Unlike D'Ancona I think such attempts at control will probably succeed, too, if we again confine ourselves to the nakedly party political blogs. For those who run them are indeed party political animals and will continue to work, as they do now, for the success of their "tribe".
Where I think his ultimate conclusion, that blogs won't be controlled is correct, is with respect to those that lie outside such party limits. For example, Samizdata make no bones about their virulent dislike of Tories, of social authoritarians just as much as economic ones. I've been known to make the same point myself. It's most unlikely that this blog will roll over to have its belly rubbed just because the blue rosettes got into Number 10 either.
For I think there's a fault line that runs through "political blogging" which isn't in fact properly appreciated. There are those who blog for a specific group, for a party, for their tribe. And there are those who blog in support of certain ideas, or ideals. The former group will indeed be liable to capture by the centre ("don't rock the boat old boy, not now we've got back into power again") and the latter will continue to scream for their cherished goals whichever party is in power.
Your humble Devil is, as you may have realised by now and as I have pointed out a number of times before, one of the latter; in other words, one of those who blogs "in support of certain ideas, or ideals".
And whilst certain libertarian bloggers may feel the need to ameliorate their criticism of the government simply because they wear blue rosettes rather than red, this blog's tone will not change. And whilst Jackart may believe that "idealogical purity is for adolescents", I think that he has missed the point that Timmy then makes so eloquently.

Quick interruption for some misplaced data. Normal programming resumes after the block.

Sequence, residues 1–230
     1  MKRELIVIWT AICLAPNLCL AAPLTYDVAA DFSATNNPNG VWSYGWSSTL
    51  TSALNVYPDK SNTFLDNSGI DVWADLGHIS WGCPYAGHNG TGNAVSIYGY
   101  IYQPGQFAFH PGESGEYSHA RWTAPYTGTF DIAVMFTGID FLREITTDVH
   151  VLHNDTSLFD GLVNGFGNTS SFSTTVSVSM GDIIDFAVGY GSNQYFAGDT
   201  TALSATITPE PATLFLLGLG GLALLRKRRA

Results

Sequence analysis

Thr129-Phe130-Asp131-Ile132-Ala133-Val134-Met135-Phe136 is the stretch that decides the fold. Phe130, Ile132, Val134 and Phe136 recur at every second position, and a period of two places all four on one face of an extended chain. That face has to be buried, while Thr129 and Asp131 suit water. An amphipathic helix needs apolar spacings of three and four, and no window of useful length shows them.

In a way, I think that might be one of the ways in which blogging has and will in fact change politics: it used to be that if you had a cause you had to join a party, a coalition, even for that cause to get a hearing. Now all and any causes can get that hearing which rather diminishes the importance of party politics itself.
This is, of course, correct and—whilst blogs have little influence at present—their impact and the communication of ideas that they facilitate will only increase.
Your humble Devil came to libertarianism through blogging, as did this chap (at least partially): there is no reason why others should not do so, and in great numbers.
Whatever the hue of the bastard politicos in power, The Kitchen will continue to lambast them for their follies. Gird up your loins, my fellow travellers: the Devil's in it for the long game, and he's got the best tunes...